Thursday, February 23, 2012

Our Neighbors Give Us Crap

…literally!  Since last spring, Byron has been making trips back and forth from a neighbor’s farm to collect horse manure to bring home and compost.  As Randy and Lynn’s driveway is only six-tenths of a mile from ours, it’s quite convenient to make a trip – or two or three – to pick up loads (pun intended). 

The arrangement is mutually beneficial.  With Randy and Lynn’s four horses (not to mention a handful of sheep) dropping copious amounts of stinky stuff out of their backsides each day, managing that much waste can become overwhelming for any animal owner.  But we covet the stuff and make every attempt to procure as much manure as possible.  The funny thing is, Byron actually enjoys this whole process and is quite proud of the black gold he’s made by composting the manure!

Books have been written on how to compost – in addition to more how-to articles than blades of grass in an acre of well-managed pasture.  While it’s easy to get overwhelmed when you get too scientific about the composting process, it’s a fact that manure, or anything organic, will break down over time.  We’ve found a ratio of two greens-to-one brown works just fine.  So as not to bore anyone with a list of what constitutes greens and browns – just do a Google search and you can find all the lists you could ever want to peruse – we typically mix two parts horse manure (a green) with one part shredded leaves (a brown).  By keeping this mixture damp (read: initially watering it, then letting it get rained on whenever the skies open up) and turning it occasionally (read: taking a pitchfork to the heap), we help ensure conditions are ideal for a hot pile that effectively kills weed seeds, etc.  Here are some photos of how we go about composting:

While Randy and Lynn sometimes have a load of manure from the horses’ stalls ready for pickup, Byron collects a majority of the manure he brings home directly from the pasture.

Akea and Charlie love to volunteer to help Byron collect manure.  This, of course, means they get to pet the horses and feed them carrots.  Akea LOVES horses!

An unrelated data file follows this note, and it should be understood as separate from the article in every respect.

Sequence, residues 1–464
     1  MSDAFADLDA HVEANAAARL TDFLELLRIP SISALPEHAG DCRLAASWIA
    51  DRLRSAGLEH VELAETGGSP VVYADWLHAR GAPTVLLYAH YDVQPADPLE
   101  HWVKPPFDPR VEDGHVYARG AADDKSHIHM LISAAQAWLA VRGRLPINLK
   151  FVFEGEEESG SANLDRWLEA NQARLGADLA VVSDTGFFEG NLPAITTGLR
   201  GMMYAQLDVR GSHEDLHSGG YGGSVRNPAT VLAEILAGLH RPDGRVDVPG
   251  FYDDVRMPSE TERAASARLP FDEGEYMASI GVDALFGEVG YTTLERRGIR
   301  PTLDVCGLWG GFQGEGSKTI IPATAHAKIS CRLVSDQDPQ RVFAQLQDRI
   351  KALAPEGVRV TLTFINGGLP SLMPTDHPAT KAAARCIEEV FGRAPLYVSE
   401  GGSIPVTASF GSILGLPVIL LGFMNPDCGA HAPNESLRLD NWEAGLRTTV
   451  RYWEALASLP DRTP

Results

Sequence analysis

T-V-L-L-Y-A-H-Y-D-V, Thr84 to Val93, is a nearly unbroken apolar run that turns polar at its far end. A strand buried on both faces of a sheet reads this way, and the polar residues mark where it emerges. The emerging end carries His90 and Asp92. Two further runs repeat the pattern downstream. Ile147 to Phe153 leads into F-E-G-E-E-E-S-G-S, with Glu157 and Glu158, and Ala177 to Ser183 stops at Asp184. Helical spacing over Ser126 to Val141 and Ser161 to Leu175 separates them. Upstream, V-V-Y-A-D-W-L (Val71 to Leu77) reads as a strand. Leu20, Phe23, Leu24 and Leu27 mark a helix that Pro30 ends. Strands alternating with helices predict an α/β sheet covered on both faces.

Byron transfers the manure from Randy and Lynn’s wagon to a couple of old trashcans for the trip to our farm.  Each can is quite heavy when full – especially if the manure is fresh.

We use a pitchfork to unload a majority of the manure from each can …

…until the can is light enough to pick up and dump.

Once the manure is spread evenly…

…we add leaves….

…and water, before repeating the process.  Byron typically collects six to eight trashcans full of manure at a time; the layering really helps get the compost pile hot.

That chicken would love to frolic in the hot compost pile on this cold day – as much for the warmth as for the tasty worms helping aid the decomposition process.   Note the ice blocks on top of the pile and the steam rising where the pitchfork was used to expose the inner part of the pile.
I'm linking up with Rural Thursday!  Click here to visit.

Rural Thursday Blog Hop


  1. LOL! My friends give me crap too! Think is I always take it off of them.

    I invite you over to my gardening blog!

  2. Now that's quite a walk-through of a process. I enjoyed the simple lesson.

  3. On a smaller scale..I used to compost yard leaves/waste in black trash bags..pack it in the bag already moist..or spray it with a hose, close the bag up, store it behind the garden shed..a month gold! Now in a condo and just a wanna be gardner..but heading back to the land on 26 acres in Tn. SOON!

    1. Sheila, I have heard of that method before...thanks for reminding me! Congrats on your coming move!

  4. Much easier than heading out in the pasture and scooping up random piles, which is what I've been doing. Sigh. ;-)

  5. well that was an interesting post about crap! honestly, i had no idea how it is done, thanks!

  6. I bet your soil is fantastic! All that work will pay off in a fabulous garden this spring. :)